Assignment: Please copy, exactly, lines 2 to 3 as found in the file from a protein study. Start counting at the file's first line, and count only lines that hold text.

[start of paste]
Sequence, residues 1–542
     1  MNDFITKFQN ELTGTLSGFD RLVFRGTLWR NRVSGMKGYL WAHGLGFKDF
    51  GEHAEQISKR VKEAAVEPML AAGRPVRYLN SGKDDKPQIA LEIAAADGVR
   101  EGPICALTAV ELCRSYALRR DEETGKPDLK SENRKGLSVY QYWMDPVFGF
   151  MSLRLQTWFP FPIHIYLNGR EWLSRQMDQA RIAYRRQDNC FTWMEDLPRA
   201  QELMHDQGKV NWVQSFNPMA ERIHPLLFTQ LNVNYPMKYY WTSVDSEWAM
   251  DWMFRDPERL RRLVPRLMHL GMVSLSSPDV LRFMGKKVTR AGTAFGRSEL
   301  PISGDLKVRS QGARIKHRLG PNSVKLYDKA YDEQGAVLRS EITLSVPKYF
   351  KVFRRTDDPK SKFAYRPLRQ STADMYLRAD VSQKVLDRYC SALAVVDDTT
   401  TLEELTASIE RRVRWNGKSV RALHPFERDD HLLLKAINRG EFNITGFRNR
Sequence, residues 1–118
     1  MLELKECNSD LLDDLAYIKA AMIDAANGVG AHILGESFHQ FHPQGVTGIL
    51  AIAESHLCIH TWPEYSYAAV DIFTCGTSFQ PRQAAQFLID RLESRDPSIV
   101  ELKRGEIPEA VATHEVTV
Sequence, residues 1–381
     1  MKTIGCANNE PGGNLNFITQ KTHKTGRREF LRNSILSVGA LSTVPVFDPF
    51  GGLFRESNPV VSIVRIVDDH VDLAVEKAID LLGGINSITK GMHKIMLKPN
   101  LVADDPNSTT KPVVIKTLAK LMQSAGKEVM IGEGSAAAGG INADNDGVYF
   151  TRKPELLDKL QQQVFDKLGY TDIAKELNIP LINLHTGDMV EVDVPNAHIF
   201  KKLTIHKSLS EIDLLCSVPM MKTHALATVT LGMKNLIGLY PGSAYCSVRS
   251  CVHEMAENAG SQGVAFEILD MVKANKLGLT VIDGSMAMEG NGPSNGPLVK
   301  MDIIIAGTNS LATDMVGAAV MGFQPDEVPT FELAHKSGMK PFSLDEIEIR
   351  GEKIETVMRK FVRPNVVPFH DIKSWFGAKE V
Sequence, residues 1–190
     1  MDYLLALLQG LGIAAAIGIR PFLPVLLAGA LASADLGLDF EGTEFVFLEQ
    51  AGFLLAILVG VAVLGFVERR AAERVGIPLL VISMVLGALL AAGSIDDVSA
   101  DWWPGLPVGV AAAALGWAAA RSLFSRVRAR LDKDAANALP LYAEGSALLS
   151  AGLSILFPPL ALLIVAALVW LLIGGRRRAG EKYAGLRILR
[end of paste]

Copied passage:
     1  MNDFITKFQN ELTGTLSGFD RLVFRGTLWR NRVSGMKGYL WAHGLGFKDF
    51  GEHAEQISKR VKEAAVEPML AAGRPVRYLN SGKDDKPQIA LEIAAADGVR